India's stock market price to be set by FII flows: Ajit Dayal, Quantum AMC
June, 03rd 2011
In an interview with ET Now , Ajit Dayal , Director, Quantum AMC, talks about the markets and their portfolio. Excerpts:
Is the big picture for Indian markets looking slightly scary?
I wrote an article in June 2009 and then I probably put my foot back in the mouth by writing another article recently about why this index could head upwards and very sharply upwards to a level of anywhere from 26000 to 31000 between now and July 2012.
One of the key things that you have to remember about India is you have an economy growing on average over the last 31 years at 6.2% per annum in real terms. It has slowed down as we have all been reading about in the last four quarters, but we still believe a number of 6.5% per annum on an annual basis compounded over the long run is very possible in India and in fact probably very likely in India and with that, we have got companies growing their earnings.
Earnings are the key for long-term investors in stock markets. Long-term earnings will drive this market and FII flows will price it everyday. So if you are a long-term investor, you are buying the beauty of India's GDP, the solidity of India's corporate earnings. However, you are worried about what the FIIs are going to do on every second, every five minute stand as you look at screens from around the world because there is no powerful domestic mutual fund industry to counter the buying and selling off the FIIs. So, unfortunately, the price of the Indian stock market will be set by the FII flows.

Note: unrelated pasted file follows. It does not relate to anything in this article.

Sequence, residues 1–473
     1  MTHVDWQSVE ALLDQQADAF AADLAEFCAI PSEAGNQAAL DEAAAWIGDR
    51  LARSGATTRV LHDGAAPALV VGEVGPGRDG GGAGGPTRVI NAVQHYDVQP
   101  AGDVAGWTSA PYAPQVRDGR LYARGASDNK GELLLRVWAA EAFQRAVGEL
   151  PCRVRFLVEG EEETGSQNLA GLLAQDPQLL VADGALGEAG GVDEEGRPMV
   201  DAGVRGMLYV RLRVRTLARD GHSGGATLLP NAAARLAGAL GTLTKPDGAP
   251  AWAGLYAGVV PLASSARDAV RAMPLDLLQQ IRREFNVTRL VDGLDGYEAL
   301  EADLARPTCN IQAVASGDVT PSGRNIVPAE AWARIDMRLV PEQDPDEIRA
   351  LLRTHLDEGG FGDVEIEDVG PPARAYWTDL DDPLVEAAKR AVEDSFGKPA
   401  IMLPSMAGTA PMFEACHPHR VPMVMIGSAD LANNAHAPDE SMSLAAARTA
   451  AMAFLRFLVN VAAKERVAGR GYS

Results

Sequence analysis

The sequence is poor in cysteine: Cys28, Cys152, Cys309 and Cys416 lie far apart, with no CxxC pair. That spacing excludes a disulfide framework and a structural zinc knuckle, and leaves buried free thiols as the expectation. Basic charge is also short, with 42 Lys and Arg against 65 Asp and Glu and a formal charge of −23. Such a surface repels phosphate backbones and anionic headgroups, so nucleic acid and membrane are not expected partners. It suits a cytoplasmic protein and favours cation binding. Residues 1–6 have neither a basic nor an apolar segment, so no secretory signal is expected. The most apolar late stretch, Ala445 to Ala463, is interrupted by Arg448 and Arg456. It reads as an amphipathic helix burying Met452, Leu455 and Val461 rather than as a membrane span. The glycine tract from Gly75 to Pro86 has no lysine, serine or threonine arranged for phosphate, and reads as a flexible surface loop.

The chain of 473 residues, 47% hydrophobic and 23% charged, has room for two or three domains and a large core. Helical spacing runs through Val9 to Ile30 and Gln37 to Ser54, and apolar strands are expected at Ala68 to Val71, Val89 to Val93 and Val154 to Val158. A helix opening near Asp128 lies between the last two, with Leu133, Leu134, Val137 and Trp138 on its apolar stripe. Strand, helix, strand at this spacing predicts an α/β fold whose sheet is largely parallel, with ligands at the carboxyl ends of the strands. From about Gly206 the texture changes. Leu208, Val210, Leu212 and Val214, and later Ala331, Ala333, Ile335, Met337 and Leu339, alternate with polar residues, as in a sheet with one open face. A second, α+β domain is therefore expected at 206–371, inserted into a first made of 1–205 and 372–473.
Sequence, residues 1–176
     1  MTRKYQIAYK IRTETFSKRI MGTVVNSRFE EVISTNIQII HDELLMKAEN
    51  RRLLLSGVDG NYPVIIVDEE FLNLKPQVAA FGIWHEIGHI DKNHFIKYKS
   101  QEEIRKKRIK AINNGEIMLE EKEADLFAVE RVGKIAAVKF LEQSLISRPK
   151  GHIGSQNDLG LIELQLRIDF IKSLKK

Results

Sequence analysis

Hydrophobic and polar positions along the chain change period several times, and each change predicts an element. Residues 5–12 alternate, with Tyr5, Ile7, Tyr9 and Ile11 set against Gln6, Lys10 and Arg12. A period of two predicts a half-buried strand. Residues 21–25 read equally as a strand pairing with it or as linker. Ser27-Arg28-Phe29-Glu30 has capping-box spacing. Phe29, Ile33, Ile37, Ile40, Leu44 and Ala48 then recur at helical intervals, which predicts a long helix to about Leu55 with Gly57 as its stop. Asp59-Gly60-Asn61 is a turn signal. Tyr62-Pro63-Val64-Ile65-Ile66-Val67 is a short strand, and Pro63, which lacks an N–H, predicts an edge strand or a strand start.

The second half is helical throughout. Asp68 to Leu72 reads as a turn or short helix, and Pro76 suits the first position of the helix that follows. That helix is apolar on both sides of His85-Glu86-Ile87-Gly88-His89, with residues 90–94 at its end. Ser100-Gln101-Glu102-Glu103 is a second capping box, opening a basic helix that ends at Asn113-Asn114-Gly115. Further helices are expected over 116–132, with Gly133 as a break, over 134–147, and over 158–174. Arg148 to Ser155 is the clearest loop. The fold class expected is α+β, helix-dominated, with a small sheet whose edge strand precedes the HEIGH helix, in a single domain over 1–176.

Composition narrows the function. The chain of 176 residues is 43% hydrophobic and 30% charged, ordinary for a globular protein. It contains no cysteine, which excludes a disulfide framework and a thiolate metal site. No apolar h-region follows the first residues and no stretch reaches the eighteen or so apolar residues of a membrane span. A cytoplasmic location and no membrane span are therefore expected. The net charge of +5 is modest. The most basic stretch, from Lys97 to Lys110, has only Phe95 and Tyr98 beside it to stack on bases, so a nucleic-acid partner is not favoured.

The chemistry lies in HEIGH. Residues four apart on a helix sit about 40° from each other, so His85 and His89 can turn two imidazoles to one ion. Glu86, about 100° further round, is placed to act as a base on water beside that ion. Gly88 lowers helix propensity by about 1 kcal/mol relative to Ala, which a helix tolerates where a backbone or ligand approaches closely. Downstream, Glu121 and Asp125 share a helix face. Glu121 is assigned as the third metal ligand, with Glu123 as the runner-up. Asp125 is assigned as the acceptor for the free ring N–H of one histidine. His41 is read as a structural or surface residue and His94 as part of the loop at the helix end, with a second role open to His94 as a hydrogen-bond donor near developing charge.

If you look at the macro story, India still remains one of the best macro stories in the world. Everyone is so focussed on inflation that they forget about the fact that there is real growth and real corporate earnings without hyperinflation, which is what you could be seeing in the US. In the US, you have got the Dow at 12000. It has come very sharply of the lows of 8000. The Dow could be 40000 for all we know, but then the US dollar will be collapsing at the same time. India does not have a collapsing currency, and it has strong corporate earnings. So I love the Indian macro story a lot.
Why do you like financial stocks at a time when the cost of capital is moving up and the capex in general for the country could potentially slow down?
Most of the financials tend to readjust pretty quickly to their cost of raw material. They are able to re-price it and pass it onto consumers. That may bring down the slower sort of demand for money the way you put it in terms of capex investments or on the consumer side for home loans, but you can expect a 17-25% increase in credit and in that sense profit margins in most of these companies going forward for the long term. We do not focus on what happens on a quarterly or a monthly basis to interest rates.